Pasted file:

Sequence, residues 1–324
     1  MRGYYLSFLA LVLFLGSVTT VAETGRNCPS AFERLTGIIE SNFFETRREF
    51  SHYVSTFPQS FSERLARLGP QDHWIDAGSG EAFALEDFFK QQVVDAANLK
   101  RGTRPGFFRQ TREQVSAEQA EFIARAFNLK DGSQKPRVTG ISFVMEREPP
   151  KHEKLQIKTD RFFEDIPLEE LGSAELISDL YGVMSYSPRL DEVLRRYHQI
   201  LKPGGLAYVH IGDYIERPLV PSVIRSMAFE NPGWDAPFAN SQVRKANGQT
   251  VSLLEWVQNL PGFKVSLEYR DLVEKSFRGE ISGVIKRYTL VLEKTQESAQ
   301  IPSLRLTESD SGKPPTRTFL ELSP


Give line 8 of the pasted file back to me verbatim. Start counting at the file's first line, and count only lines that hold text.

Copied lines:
   301  IPSLRLTESD SGKPPTRTFL ELSP